There’s not so much in the way of amenities in the village. However, with Clifton just over the bridge, you don’t have to travel too far to have everything you need. 

There is a snag, such idyllic surroundings coupled with close proximity to the city means the average house price is steep, and property can be scarce. Expect to pay over £500,000.00 for an apartment and significantly more for a house.  

3. Totterdown and Temple Meads

If you’re on the lookout for a more affordable location close to Bristol City, Totterdown or nearby Temple Meads are well worth looking at. 

Primarily built in the 1800s around Bristol’s growing rail industry, the location has proven a popular choice for both first-time buyers and renters who want to keep costs down.

Bristol Temple Key Business Complex
Bristol Temple Key Business Complex

With charming narrow streets through this urban village, you’ll find an arty, creative neighborhood with many Victorian and Edwardian homes painted in bright colors. 

Totterdown is an ideal location for commuters; at just 1.2 miles from the city center with excellent public transport links, commute time into the city using public transport will be under 15 minutes. 

The traffic is often heavy, though, so taking a car may take a lot longer. If you’re planning to travel further, Bristol Temple Meads, the city’s largest railway station, is just a short walk away. 

4. Horfield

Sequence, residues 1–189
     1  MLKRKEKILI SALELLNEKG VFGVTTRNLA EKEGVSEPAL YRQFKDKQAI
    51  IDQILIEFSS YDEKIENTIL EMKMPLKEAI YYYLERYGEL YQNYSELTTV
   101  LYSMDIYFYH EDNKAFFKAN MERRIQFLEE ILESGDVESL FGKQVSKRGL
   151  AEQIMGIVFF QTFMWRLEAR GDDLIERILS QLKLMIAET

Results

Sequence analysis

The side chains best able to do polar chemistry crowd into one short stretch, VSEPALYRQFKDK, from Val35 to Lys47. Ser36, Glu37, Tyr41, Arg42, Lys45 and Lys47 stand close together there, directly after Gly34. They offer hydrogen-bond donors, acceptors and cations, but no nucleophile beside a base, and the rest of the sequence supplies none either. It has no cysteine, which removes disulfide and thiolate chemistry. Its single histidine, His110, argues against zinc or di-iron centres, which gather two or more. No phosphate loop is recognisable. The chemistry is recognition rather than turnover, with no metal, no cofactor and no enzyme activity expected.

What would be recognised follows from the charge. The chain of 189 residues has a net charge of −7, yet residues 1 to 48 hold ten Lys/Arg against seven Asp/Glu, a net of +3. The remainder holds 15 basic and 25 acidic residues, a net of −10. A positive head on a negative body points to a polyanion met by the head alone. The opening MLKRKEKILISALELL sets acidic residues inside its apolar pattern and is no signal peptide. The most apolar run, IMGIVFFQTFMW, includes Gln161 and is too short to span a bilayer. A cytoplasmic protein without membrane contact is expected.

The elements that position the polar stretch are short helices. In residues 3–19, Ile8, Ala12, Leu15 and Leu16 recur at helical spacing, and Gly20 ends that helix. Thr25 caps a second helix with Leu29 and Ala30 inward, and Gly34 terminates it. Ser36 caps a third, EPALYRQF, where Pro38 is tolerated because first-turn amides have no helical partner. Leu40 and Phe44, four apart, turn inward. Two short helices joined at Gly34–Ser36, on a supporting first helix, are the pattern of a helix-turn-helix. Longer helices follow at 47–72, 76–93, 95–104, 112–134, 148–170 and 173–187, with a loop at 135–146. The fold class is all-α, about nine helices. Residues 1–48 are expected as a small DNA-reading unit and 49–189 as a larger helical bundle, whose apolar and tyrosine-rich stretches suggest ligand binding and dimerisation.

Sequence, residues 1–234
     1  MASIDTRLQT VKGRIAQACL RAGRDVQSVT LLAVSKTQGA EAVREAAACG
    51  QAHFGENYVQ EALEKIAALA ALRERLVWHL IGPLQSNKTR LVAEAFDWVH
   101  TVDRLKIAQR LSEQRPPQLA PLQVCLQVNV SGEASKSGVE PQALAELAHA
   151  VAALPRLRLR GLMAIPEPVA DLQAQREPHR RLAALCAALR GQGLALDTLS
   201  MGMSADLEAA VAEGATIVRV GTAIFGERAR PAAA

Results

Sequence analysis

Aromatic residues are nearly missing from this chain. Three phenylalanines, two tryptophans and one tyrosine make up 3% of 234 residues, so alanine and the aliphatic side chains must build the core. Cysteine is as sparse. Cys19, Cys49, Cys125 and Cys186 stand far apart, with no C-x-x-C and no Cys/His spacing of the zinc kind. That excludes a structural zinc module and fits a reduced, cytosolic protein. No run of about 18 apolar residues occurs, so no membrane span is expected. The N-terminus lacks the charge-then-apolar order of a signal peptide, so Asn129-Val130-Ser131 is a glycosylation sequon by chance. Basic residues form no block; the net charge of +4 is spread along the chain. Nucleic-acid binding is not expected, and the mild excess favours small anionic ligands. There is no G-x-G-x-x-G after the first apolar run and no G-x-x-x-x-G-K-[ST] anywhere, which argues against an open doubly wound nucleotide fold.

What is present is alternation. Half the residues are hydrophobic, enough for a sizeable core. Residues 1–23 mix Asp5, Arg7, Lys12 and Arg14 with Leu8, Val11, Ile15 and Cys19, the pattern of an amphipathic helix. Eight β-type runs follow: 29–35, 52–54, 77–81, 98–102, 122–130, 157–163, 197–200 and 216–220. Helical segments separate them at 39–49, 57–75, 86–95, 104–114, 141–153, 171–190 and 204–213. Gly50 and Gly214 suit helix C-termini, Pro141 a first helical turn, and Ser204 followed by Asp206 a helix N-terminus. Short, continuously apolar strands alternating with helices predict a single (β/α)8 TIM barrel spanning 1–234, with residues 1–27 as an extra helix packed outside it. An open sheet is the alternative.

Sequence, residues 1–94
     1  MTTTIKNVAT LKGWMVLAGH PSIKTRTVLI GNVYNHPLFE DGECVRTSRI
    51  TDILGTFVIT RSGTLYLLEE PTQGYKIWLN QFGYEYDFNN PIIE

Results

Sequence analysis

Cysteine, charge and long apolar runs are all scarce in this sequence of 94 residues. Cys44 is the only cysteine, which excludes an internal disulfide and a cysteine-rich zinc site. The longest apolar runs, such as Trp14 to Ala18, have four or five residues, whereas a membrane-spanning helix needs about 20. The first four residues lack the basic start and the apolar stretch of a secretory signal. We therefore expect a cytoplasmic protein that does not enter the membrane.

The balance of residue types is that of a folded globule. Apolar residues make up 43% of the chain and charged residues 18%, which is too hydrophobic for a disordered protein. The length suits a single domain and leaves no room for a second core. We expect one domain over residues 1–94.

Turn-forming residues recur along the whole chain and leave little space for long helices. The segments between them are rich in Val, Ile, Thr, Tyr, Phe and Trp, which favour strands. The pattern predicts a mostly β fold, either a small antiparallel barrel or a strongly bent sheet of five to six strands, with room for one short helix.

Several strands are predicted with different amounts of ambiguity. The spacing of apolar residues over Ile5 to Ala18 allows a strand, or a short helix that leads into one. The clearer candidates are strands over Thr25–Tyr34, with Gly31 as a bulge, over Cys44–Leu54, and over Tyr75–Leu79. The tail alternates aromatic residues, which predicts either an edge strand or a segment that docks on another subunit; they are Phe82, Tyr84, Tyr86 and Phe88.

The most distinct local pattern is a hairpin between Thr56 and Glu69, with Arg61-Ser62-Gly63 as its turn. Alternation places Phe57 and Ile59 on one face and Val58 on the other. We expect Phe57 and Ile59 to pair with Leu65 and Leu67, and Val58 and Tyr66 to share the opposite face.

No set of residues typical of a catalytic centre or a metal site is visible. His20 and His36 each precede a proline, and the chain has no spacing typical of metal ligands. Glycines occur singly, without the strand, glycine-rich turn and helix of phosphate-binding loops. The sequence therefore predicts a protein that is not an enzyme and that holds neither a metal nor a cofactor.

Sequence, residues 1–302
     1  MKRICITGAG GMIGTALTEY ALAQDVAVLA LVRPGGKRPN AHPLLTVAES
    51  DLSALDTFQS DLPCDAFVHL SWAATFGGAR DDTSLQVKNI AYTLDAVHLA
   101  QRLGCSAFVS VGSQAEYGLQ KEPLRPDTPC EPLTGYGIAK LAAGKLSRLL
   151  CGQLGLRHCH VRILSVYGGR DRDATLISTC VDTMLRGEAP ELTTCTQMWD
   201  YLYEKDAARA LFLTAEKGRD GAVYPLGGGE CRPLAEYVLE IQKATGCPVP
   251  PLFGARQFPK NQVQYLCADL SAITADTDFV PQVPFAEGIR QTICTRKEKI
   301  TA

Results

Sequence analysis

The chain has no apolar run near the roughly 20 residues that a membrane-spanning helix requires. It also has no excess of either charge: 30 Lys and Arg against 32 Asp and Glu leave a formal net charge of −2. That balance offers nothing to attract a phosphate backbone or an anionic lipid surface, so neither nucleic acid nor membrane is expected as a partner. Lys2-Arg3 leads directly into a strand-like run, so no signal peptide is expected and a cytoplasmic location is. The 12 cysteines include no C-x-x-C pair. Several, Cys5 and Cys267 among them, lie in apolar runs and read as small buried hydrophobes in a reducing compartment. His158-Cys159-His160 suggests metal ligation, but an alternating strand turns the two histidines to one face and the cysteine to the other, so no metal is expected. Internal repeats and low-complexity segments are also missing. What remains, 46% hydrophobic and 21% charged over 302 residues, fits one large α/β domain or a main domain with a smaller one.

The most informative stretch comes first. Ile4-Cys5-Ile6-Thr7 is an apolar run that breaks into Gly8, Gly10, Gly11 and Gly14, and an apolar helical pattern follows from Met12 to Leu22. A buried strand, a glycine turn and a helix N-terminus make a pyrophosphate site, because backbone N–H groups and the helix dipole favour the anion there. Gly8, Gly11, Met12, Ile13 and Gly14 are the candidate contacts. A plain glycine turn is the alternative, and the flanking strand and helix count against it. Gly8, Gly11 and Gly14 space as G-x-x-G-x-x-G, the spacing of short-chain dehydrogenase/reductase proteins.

Horfield is a great place to live, especially if you’re a young family or professional who needs a relatively easy commute to the city center.

Just about 3 miles north of the city center, the area runs along Gloucester Road, so it’s a reasonable commute into the city by car or public transport. It’s also well located for a fast drive out of the city, and you can normally get to the M32, M5, and M4 motorways in minutes.

The popular Gloucestershire Road is very convenient to get to. You’ll find plenty of great shopping throughout, with stylish boutiques, patisseries, and independent shops such as butchers and greengrocers.

Horfield is approximately two miles from the University of West England Bristol campus making it a choice for second and third-year students to live. 

For fresh air and exercise, Horfield Common is a large green space in the center of the neighborhood, with good facilities.

The park has a café, multiple play areas, tennis courts, jogging, and walking paths along with a nice pond. The park is at one of the highest points in Bristol. However, it’s relatively flat, making it an ideal spot for walking and jogging.

5. Redland

Another neighborhood to consider is Redland. Situated to the East of Clifton, it can also be considered one of the best areas of Bristol to live in.

Redland was developed in the mid-19th century, characterized by its wide avenues with spacious Victorian properties, many fronted in local stone. 

Redland Road views Bristol
Redland Road views Bristol

If you’re looking for easy access to both the city center and quieter suburbs. Redland offers access to plenty of green areas and parks while also having some of the best schools in Bristol.

One of the best benefits of Redland is the fact that it’s within walking distance of the city. You can walk 1.6 miles in under half an hour, which is about the same time as the bus normally takes.

With a good mix of family homes, prestige properties, and flats, Redland is a good location for everyone, from young professionals and couples to large families.